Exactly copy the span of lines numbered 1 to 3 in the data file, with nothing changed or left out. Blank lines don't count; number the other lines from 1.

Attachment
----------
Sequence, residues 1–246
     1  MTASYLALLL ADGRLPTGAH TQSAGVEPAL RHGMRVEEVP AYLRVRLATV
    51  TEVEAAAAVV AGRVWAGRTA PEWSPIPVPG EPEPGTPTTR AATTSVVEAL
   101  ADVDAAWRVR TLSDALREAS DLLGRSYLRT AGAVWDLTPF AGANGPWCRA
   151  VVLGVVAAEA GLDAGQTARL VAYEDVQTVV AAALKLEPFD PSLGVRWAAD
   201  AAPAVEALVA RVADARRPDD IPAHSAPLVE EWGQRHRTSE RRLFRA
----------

Sequence, residues 1–246
     1  MTASYLALLL ADGRLPTGAH TQSAGVEPAL RHGMRVEEVP AYLRVRLATV
    51  TEVEAAAAVV AGRVWAGRTA PEWSPIPVPG EPEPGTPTTR AATTSVVEAL